pages long, was put together by an attorney/psychologist team. It’s
extremely well done, and presents options, as well as relevant research
and commentary by both the lawyer and the shrink. Each parent needs a
copy and should record his/her preferences on the book’s worksheets.
These are then used for negotiation and to craft the plan itself. There
is even a tear-out parenting form where the parents simply circle their
choices and then file the document with the court. It doesn’t get much
simpler----IF the 2 parents can negotiate on their own. It’s also the
perfect resource to use together with a neutral expert. It will help
focus (and likely minimize) the amount of time you spend working things
out. And included is a small booklet titled “Taking The Conflict Out
of Custody: 7 Awareness Exercises to Stay Focused on the Needs of the
All of these books
concur in the necessity for a parenting plan, and in what ought to be
covered in such a document. Briefly, they say that a complete, well
thought-out plan should cover the following areas:
Specify who will provide transportation for the children between each of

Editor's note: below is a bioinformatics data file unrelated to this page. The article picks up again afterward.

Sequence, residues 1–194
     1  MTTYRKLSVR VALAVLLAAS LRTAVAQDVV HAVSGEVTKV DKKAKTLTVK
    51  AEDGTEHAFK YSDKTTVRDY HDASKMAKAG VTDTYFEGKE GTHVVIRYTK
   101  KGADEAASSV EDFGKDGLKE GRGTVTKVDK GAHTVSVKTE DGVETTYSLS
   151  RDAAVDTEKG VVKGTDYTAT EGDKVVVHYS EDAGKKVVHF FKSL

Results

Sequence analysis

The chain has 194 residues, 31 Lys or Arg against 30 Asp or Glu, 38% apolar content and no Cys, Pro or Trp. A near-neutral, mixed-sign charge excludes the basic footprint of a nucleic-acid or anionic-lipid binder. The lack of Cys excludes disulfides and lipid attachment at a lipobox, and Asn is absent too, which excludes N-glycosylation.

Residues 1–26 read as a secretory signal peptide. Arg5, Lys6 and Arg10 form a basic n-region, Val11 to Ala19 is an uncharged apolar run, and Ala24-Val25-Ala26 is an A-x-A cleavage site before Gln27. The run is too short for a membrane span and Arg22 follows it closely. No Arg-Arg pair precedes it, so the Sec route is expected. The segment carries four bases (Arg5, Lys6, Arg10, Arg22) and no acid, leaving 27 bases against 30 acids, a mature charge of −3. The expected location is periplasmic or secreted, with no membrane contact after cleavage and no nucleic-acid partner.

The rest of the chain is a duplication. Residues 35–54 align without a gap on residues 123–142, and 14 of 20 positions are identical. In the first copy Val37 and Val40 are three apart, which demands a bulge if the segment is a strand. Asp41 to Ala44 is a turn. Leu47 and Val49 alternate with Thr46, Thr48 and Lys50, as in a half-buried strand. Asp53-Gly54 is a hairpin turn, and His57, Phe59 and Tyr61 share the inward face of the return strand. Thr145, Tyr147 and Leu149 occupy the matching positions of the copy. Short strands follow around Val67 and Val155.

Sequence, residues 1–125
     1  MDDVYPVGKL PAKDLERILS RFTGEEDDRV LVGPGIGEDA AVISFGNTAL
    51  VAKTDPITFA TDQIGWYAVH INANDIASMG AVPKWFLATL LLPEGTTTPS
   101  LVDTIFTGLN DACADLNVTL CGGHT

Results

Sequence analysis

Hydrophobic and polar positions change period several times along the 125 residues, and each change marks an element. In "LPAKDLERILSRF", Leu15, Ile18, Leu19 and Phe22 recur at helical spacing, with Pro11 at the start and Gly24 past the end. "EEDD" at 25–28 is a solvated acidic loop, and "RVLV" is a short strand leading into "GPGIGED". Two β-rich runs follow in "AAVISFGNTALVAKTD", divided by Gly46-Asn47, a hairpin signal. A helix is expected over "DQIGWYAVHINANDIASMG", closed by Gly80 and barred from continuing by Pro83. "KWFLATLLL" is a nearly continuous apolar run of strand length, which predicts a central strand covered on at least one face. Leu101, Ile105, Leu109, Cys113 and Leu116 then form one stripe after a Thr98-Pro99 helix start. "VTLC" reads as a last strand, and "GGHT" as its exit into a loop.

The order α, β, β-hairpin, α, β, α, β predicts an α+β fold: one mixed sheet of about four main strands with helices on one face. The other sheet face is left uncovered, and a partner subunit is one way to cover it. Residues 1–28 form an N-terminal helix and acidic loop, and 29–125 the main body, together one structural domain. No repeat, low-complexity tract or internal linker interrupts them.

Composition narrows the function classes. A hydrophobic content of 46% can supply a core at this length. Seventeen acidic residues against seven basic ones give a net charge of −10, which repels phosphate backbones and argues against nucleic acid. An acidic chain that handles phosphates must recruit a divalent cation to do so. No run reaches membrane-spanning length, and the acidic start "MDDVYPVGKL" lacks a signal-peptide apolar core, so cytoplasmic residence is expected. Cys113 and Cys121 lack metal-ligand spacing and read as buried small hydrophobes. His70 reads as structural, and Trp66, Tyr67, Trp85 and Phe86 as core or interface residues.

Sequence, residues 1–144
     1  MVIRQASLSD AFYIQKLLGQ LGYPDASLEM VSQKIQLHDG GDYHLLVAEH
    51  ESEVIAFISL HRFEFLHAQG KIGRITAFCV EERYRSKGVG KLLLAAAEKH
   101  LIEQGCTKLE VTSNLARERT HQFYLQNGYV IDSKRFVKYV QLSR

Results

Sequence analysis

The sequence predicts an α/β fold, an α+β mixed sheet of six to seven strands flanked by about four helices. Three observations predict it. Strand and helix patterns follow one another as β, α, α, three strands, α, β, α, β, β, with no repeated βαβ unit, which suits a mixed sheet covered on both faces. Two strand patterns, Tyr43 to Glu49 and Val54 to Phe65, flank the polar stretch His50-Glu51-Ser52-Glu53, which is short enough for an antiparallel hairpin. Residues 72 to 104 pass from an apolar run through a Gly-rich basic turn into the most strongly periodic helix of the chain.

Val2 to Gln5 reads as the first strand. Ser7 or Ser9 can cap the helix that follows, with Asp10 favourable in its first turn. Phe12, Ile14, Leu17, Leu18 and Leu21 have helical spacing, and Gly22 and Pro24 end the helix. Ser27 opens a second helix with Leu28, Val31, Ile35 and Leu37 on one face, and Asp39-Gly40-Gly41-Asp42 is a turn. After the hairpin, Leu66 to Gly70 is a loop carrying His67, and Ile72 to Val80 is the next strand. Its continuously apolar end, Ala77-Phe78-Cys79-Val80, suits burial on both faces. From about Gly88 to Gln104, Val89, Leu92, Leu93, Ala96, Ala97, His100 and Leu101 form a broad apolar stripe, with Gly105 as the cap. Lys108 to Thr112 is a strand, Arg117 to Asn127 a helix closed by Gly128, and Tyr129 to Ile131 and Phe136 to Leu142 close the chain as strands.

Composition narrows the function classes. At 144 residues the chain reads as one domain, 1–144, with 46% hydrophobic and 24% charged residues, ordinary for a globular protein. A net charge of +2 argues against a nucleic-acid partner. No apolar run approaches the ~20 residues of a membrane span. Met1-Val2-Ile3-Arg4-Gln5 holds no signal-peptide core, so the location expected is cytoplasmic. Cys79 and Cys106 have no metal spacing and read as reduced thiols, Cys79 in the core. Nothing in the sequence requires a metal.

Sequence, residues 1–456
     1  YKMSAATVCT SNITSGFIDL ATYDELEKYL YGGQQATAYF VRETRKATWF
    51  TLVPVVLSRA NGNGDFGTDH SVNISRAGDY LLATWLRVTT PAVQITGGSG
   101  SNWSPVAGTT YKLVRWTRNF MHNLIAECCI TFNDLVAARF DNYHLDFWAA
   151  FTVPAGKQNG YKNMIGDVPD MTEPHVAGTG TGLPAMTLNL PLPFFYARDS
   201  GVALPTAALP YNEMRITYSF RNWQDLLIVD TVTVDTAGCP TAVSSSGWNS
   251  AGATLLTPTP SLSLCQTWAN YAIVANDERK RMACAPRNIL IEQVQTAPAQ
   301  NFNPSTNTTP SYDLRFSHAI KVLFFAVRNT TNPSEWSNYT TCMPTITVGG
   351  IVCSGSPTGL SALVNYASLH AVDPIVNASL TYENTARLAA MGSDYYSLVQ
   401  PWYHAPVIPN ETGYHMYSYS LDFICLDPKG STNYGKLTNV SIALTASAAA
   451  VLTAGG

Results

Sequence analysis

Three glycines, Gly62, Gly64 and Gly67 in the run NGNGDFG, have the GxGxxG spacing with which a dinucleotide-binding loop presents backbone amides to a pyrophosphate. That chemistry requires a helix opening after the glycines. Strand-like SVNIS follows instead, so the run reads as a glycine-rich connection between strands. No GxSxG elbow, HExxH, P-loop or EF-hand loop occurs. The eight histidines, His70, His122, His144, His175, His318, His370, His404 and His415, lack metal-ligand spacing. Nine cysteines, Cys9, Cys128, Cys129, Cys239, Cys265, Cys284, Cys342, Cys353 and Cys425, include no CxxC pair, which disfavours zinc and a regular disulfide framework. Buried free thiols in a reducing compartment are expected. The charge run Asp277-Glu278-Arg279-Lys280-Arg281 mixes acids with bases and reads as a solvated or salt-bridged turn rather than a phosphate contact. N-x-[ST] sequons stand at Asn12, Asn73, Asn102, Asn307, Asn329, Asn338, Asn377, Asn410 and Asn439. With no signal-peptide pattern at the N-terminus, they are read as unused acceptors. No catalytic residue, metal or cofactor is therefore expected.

your houses; many couples find it works best if the receiving parent
does the picking up. Where will the pick-ups be? If the level of
hostility is extreme, you may wish to designate a neutral pick-up point,
such as a police station.
will your decision-making method be? Most commonly, routine decisions
(e.g. what Johnny will take in his lunch box that day) are left to the
discretion of whoever has custody at the time. But you will also need
to determine how the major decisions (e.g. should Sally take piano or
ballet lessons) will be made, and in fact, how you determine just what
is a “major” decision.
if you were the most compatible couple in the world (which you’re
obviously not, because you’re divorcing!) you’d still disagree about
some points of childrearing. Decide how you will work through those
disagreements. There are many options, including the use of a neutral
arbitrator such as a Special Master. (See the article on Special Masters
elsewhere on my webpage.)
children grow, you will find the parenting plan needs revision to
reflect the changing circumstances. A child who at age 3 could not